Why jealous? Er, I’ve been using internet since 1997, and while living abroad, not knowing anything better than ICQ. hehe. I’d discovered web forums related to my profession earlier, but didn’t know about social networking until 2006.
    I remember myself being registered in a lot of places, and I thought “Oh, what’s the buzz about this”. I thought twitter was facebook.

    Facebook was and is great for me, because I wanted to ‘meet’ my real life friends and follow them.
    Lately enjoying twitter, because it makes me feel like I’m part of the internet which was not ‘accessible’ before.
    All this made me feel like blogging.

    See? For a ‘regular user’ like me, things can get pretty much upside down.

    It should make sense. Not everyone lives in internet. It should be just a part of my real life, improving it.

  9. Nice post, Robert.
    I only know you via Internet.
    I’d met my wife in internet too.
    So, beware.

    Regular people don’t care about social networking. They care if their real life friends are in somewhere having fun or not. I was jealous when I’d found out that many of my friends back in Turkey had already been registered in facebook. It was a great find.
    Why jealous? Er, I’ve been using internet since 1997, and while living abroad, not knowing anything better than ICQ. hehe. I’d discovered web forums related to my profession earlier, but didn’t know about social networking until 2006.
    I remember myself being registered in a lot of places, and I thought “Oh, what’s the buzz about this”. I thought twitter was facebook.

    Facebook was and is great for me, because I wanted to ‘meet’ my real life friends and follow them.
    Lately enjoying twitter, because it makes me feel like I’m part of the internet which was not ‘accessible’ before.
    All this made me feel like blogging.

    See? For a ‘regular user’ like me, things can get pretty much upside down.

    It should make sense. Not everyone lives in internet. It should be just a part of my real life, improving it.

  10. –snort–

    Me, know anything about wine? I know what’s local to me, but that’s about it.

    I do know a little about baby strollers, but much of that is probably out-of-date at this point. Lately, all I’ve seen are what I call “urban assault strollers.”

    And personally, I’ve pretty much junked all the online uses of “friend” and started using “colleague.” I’ve found that term to be much more applicable to my online relationships.

  11. –snort–

    Me, know anything about wine? I know what’s local to me, but that’s about it.

    I do know a little about baby strollers, but much of that is probably out-of-date at this point. Lately, all I’ve seen are what I call “urban assault strollers.”

    And personally, I’ve pretty much junked all the online uses of “friend” and started using “colleague.” I’ve found that term to be much more applicable to my online relationships.

  12. When you say “multiple social graphs for different things”, could that be a “dynamic social graph” which changes according to the “object-of-sociality”?

    Like a system that gives me recommendations (about wine, books, concerts, movies, holidays, art etc.) depending on the different social graphs for each object?

    If such a social graph could be a truly distributed one, each social network would have to worry about its own users. But a larger social graph could be aggregated from each network. Something for DISO?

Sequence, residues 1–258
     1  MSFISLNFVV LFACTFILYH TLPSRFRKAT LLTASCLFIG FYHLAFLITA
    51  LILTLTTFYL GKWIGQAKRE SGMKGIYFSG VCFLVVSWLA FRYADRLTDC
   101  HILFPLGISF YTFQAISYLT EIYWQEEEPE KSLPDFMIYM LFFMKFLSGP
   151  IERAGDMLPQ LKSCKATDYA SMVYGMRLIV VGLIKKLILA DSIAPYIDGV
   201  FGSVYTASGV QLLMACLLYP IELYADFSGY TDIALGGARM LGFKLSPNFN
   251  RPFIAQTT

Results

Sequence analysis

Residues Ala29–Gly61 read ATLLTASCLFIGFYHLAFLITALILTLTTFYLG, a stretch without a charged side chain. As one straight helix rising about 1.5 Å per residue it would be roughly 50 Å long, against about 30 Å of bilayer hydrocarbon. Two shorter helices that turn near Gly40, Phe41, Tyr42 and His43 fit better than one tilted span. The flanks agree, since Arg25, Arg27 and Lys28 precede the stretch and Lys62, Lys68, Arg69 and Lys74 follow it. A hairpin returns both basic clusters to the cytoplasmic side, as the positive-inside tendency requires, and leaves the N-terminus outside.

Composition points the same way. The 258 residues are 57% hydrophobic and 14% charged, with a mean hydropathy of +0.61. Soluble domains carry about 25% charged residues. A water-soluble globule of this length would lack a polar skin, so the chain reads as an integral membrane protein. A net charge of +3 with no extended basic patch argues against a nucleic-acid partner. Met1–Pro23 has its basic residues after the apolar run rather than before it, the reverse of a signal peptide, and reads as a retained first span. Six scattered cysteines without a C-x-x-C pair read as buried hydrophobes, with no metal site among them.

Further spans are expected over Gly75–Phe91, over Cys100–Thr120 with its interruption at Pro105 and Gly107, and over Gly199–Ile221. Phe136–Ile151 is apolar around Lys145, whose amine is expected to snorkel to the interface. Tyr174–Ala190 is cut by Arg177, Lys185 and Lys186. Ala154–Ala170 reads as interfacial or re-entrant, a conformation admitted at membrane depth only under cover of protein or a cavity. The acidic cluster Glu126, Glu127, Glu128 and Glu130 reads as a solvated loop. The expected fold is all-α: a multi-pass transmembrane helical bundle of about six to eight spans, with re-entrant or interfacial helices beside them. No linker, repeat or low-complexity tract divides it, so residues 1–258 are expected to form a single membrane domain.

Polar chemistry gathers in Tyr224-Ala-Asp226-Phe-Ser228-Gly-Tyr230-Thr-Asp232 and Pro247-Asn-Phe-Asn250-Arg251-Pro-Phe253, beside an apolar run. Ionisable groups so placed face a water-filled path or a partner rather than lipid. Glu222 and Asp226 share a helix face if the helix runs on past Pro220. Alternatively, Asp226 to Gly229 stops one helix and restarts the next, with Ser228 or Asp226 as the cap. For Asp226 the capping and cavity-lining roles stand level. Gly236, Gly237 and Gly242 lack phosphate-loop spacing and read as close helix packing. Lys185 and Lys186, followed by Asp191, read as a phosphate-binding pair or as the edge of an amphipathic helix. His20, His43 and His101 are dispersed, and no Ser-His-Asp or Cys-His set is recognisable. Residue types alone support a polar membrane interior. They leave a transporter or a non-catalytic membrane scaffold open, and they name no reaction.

13. When you say “multiple social graphs for different things”, could that be a “dynamic social graph” which changes according to the “object-of-sociality”?

    Like a system that gives me recommendations (about wine, books, concerts, movies, holidays, art etc.) depending on the different social graphs for each object?

    If such a social graph could be a truly distributed one, each social network would have to worry about its own users. But a larger social graph could be aggregated from each network. Something for DISO?

  14. Hey Robert.

    I agree with you, also I like beng connected with people who are really all over the World. Maybe I have not met them but Facebook opens the chance to have that happen. It’s great for business.

  15. Hey Robert.

    I agree with you, also I like beng connected with people who are really all over the World. Maybe I have not met them but Facebook opens the chance to have that happen. It’s great for business.

  16. Some fantastic points here Robert. Great post! I really like how you described the new concept of an acquaintance on the internet. Someone who is neither a personal fried nor someone you actually know in real life, but someone whose opinion you value.

  17. Some fantastic points here Robert. Great post! I really like how you described the new concept of an acquaintance on the internet. Someone who is neither a personal fried nor someone you actually know in real life, but someone whose opinion you value.

  18. In 2005 I started asking myself the same question: with social networks taking over, how should we redefine “friend”? Now it’s 2009 and I have learned that the real definition of friend has never changed. All the “friends” I have made through social networking have not enriched my life nearly as much as people who are obviously true friends. Some friendships have been sparked by social networks, but the friendship did not blossom until it was taken offline and brought to a face-to-face level of interaction. I’m sorry but purely social networking “friends” are only acquaintances.

  19. In 2005 I started asking myself the same question: with social networks taking over, how should we redefine “friend”? Now it’s 2009 and I have learned that the real definition of friend has never changed. All the “friends” I have made through social networking have not enriched my life nearly as much as people who are obviously true friends. Some friendships have been sparked by social networks, but the friendship did not blossom until it was taken offline and brought to a face-to-face level of interaction. I’m sorry but purely social networking “friends” are only acquaintances.